Ginkgo biloba preparations, including tablets, granules, pills, injection distillates, oral solutions, extracts and dropping pills, are approved for commercial marketing. Egb 761, Ginaton, Tebonin, Rokan, Tanakan, Ginkobil, GBE50 and Kaveri are approved in the USA and Europe. Ginkgo Biloba Leaves Dispersible Tablet, Ginkgo Leaf Capsule, Ginkgo Leaves Soft Gel Capsule, Ginkgo Damole Injection, Yinxing Damo, Ginkgo Biloba Granule, Yinxing Guttate Dropping Pill, Ginkgo Biloba Extract Injection, Ginkgo Distillate, Diterpene Ginkgolides Meglumine Injection, Ginkgolide Injection, Ginkgo Biloba Leaves Extract Oral Solution, Ginkgo Leaf Extract, Armillariella Mellea Powders Oral Solution, Yinxing Guttate Dropping Pills and Shuxuening Zhusheye are approved by the China Food and Drug Administration. Ginkgo preparations are among the best-selling botanical dietary supplements worldwide. Clinical evidence indicates that Ginkgo biloba is safe and exhibits no excess side effects compared with placebo for cognitive impairment and dementia.16 However, the evidence of efficacy is equivocal.17
Ginkgo preparations alleviate the conditions such as autism,18 depression19 and neuropsychiatric symptoms such as anxiety.20 Ginkgo preparations may affect the behavioural and cognitive aspects of ADHD. The predominant behavioural effects are calming and improved frustration tolerance. Ginkgo biloba induces willful cognition, discriminant attention and decreases irritability.21
How the intervention might work
Components isolated from ginkgo biloba contain terpene trilactones, flavonol glycosides, isoflavonoids, biflavones, proanthocyanidins, alkylphenols, carboxylic acids, 4-O-methylpyridoxine and polyprenols.22–24 Preclinical evidence indicates that ginkgo flavonol glycosides are predominantly responsible for the antioxidant activity.25 The antioxidant activity of ginkgo flavonol glycosides reduce reactive oxygen species-induced oxidative stress, which contributes to neurodevelopmental disorders by causing membrane damage, changes in protein structure and function, lipid denaturation and DNA damage.26 Terpene trilactones are associated with neuroprotective properties.27 Investigations have demonstrated that terpene trilactones attenuate the decrease in brain-derived neurotropic factor, norepinephrine transporter and dopamine transporter,28 which are negatively related to ADHD pathogenesis.29–31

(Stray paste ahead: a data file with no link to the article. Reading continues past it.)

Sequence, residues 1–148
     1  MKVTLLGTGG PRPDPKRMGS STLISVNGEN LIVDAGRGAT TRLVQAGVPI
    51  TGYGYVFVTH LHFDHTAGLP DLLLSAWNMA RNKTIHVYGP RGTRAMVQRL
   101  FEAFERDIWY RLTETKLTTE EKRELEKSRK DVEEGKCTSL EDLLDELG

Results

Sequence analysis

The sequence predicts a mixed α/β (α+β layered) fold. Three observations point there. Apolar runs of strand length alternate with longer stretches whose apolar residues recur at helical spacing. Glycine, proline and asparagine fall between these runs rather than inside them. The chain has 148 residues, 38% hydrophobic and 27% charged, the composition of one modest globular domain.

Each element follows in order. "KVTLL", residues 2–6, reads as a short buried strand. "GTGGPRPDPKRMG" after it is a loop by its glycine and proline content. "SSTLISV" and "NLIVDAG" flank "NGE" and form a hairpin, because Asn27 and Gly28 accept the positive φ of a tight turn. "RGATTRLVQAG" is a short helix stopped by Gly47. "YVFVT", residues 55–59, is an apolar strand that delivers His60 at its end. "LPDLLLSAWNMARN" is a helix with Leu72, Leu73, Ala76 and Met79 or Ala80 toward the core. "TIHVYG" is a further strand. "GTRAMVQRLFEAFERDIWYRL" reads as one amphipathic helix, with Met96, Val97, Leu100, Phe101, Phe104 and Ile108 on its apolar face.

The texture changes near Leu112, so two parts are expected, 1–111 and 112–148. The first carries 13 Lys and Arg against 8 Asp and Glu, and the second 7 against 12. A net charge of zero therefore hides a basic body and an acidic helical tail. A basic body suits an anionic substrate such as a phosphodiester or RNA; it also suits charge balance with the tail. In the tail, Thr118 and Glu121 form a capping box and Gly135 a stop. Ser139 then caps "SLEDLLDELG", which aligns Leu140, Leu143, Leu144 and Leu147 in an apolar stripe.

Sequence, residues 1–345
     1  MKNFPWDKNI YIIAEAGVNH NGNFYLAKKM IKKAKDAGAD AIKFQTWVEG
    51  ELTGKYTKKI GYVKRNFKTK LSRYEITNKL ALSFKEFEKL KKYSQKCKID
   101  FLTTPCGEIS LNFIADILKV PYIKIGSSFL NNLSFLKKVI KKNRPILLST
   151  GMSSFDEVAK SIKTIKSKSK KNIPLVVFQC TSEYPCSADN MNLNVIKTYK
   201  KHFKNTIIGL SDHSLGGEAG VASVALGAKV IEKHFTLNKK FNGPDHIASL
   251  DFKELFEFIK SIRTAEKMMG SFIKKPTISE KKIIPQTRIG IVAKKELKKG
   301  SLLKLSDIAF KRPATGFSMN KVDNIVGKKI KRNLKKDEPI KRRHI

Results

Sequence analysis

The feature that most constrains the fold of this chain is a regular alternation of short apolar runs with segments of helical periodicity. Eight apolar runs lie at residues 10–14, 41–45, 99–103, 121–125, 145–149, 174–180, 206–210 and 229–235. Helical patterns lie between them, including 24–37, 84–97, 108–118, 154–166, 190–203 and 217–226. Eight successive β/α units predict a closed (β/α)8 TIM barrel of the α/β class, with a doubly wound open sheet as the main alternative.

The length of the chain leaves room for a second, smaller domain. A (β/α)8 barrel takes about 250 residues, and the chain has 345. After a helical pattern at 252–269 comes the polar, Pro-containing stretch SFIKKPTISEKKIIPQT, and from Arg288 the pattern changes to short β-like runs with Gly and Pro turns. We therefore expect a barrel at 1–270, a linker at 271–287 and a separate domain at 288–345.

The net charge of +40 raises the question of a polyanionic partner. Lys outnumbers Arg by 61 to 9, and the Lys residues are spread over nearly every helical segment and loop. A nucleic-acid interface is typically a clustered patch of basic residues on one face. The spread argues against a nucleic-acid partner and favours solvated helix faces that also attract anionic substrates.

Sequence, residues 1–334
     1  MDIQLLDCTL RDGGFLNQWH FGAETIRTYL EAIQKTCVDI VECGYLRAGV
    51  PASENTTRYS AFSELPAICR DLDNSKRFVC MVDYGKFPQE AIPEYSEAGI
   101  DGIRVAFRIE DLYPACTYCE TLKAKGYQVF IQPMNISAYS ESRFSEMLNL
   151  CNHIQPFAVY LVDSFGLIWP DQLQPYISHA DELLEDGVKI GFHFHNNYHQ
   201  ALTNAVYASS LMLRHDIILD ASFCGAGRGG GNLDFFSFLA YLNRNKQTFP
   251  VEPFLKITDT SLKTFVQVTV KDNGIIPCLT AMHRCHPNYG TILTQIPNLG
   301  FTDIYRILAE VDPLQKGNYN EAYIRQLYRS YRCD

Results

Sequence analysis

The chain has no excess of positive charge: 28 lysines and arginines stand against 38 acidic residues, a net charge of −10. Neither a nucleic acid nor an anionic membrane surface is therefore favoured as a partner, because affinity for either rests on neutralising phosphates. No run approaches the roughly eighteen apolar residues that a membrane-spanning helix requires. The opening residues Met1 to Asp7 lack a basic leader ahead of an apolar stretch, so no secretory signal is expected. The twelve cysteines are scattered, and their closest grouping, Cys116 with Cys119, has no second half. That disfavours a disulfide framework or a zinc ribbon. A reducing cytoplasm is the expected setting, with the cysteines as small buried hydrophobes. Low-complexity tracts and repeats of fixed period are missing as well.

No comprehensive quantitative reviews of treatments of ADHD with ginkgo preparations have been performed. Therefore, it is important to investigate the current evidence of the efficacy and tolerance of ginkgo preparations therapy for ADHD.
Materials and methods
This systematic review protocol adheres to the preferred reporting items for systematic review and meta-analysis protocols (PRISMA-P) 2015.32 The protocol was registered on PROSPERO, and the registration number is CRD42017077190.
Types of study
All prospective randomised controlled trials (RCTs) will be included in this systematic review, but trials without detailed data will be excluded. Abstracts with sufficient outcome data will be included. Cross-over trials will be included with the two phases of data if there is sufficient washout and return to baseline.
Type of participants
Patients with ADHD or hyperkinetic disorder who were diagnosed based on American Psychiatric Association’s Diagnostic and Statistical Manual of Mental Disorders fourth edition (DSM-IV), Diagnostic and Statistical Manual of Mental Disorders fifth edition (DSM-5), WHO’s International Classification of Diseases 10th edition (ICD-10) or Chinese Classification and Diagnosis of Mental Diseases third edition (CMDD) will be included. There will be no limitations on age or sex.
Types of interventions and controls
Randomised studies of the ginkgo preparations, as the sole treatment or as an adjunct to other treatments, which were used in the intervention and control groups in the same manner will be included. Ginkgo preparations include Egb 761, Ginaton, Tebonin, Rokan, Tanakan, Ginkobil, GBE50 and Kaveri, Ginkgo Biloba Leaves Dispersible Tablet, Ginkgo Leaf Capsule, Ginkgo Leaves Soft Gel Capsule, Ginkgo Damole Injection, Yinxing Damo, Ginkgo Biloba Granule, Yinxing Guttate Dropping Pill, Ginkgo Biloba Extract Injection, Ginkgo Distillate, Diterpene Ginkgolides Meglumine Injection, Ginkgolide Injection, Ginkgo Biloba Leaves Extract Oral Solution, Ginkgo Leaf Extract, Armillariella Mellea Powders Oral Solution, Yinxing Guttate Dropping Pills and Shuxuening Zhusheye. The control groups will include psychostimulant drug use, placebo use, psychotherapy and no treatment.
The ADHD Rating Scale-IV (ADHD-RS-IV).
The Revised Conners’ Parent Rating Scale (CPRS-R).33
Case reports, not randomised trial, non-comparative studies.
Patients who were not diagnosed based on DSM-IV, DSM-5, ICD-10 or CMDD.
We will search the following electronic bibliographic databases: Medline, Embase, the Cochrane Central Register of Controlled Trials (CENTRAL), Web of Science (science and social science citation index), China Biology Medicine Disc (CBMdisc), China National Knowledge Infrastructure Database (CNKI), Wanfang Database and the Chinese Scientific Journals Database (VIP). The search strategy will include terms relating to or describing the patients and intervention. The terms will be combined with the Cochrane MEDLINE filter for controlled trials of interventions.